Chinese consumer prices climbed 2.5% year-over-year in December. This was less than expectations for a 2.7% rise, and down from 3% the previous month. Food prices tend to pick up toward the end of the year and therefore, CPI is expected to moderate slightly, despite the high base effect.
Australia Retail Trade up by 0.7%
The trend estimate rose 0.5% in November 2013. This follows a rise of 0.5% in October 2013 and a rise of 0.5% in September 2013. The seasonally adjusted estimate rose 0.7% in November 2013. This follows a rise of 0.5% in October 2013 and a rise of 0.9% in September 2013. In trend terms, Australian turnover rose 4.1% in November 2013 compared with November 2012. The following industries rose in trend terms in November 2013: Cafes, restaurants and takeaway food services (1.1%), other retailing (0.9%), Food retailing (0.3%), Clothing, footwear and personal accessory retailing (1.2%).
Market snapshot at 10:15 am UK time January 9th
The ASX 200 closed up 0.16%, the CSI 300 down 0.88%, the Hang Seng closed down 0.91%, with the Nikkei down 1.50% on the day. Europe has seen a negative open now reversed for the majority of the main bourses; euro STOXX up 0.45%, CAC up 0.25%, DAX up 0.41%, and the UK FTSE up 0.29%.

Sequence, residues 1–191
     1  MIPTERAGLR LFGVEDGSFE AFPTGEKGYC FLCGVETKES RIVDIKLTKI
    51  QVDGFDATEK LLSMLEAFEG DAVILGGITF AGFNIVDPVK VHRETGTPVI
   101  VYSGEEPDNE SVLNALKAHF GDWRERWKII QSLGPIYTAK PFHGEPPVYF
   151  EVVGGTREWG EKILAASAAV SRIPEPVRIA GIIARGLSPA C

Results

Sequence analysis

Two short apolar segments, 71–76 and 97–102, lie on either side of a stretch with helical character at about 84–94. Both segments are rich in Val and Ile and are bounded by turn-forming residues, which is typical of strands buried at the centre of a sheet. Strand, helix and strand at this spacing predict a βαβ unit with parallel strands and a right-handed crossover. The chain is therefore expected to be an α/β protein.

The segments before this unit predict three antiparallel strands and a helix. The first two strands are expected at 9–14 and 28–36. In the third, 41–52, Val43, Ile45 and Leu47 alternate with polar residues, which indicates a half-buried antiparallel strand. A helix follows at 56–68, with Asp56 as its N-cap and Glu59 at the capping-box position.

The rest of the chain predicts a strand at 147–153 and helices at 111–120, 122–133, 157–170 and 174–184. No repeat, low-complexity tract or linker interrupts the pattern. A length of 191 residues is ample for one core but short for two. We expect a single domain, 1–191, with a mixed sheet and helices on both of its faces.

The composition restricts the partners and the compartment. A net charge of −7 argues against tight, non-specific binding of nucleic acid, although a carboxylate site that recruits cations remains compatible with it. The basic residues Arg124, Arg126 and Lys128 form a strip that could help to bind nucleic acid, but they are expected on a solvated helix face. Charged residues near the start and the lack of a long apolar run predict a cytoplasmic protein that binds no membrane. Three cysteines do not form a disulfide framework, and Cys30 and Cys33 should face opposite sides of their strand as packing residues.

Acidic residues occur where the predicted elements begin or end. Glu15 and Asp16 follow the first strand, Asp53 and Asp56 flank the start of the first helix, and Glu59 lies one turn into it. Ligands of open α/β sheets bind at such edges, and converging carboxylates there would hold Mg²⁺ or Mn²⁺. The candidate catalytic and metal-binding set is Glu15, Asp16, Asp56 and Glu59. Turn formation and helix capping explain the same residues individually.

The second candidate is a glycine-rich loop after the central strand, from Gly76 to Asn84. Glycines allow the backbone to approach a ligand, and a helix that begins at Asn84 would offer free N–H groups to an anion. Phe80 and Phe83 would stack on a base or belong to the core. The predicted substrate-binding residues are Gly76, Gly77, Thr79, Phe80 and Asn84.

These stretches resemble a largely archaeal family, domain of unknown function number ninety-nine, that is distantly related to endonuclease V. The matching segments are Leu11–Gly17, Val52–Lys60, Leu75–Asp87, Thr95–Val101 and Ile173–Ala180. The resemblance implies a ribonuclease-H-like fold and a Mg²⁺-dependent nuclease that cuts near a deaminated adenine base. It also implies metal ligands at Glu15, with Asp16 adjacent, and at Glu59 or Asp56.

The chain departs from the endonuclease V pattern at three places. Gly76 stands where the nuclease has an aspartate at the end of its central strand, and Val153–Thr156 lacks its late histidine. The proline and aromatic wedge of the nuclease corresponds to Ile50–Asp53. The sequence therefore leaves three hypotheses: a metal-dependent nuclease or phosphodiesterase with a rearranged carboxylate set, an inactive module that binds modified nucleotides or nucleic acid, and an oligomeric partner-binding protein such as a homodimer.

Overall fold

Looking towards the USA open the DJIA equity index future is up 0.32%, with price around 40 points below the 16,500 handle. The SPX future is up 0.29%, with the NASDAQ future up 0.26%.
NYMEX oil is up 0.42% in early trade at $92.72 per barrel, with NYMEX nat gas down 1.19% at $4.17 per therm. Gold on COMEX is up 0.10% at $1226.70 per ounce, with silver up 0.11% at $19.56 per ounce.
The euro climbed 0.2 percent to $1.3598 early London time after dropping to $1.3554 Wednesday, the weakest since Dec. 5th. The common currency advanced 0.2 percent to 142.66 yen. The dollar was little changed at 104.92 yen after climbing to 105.44 yen on Jan. 2nd, the highest since October 2008.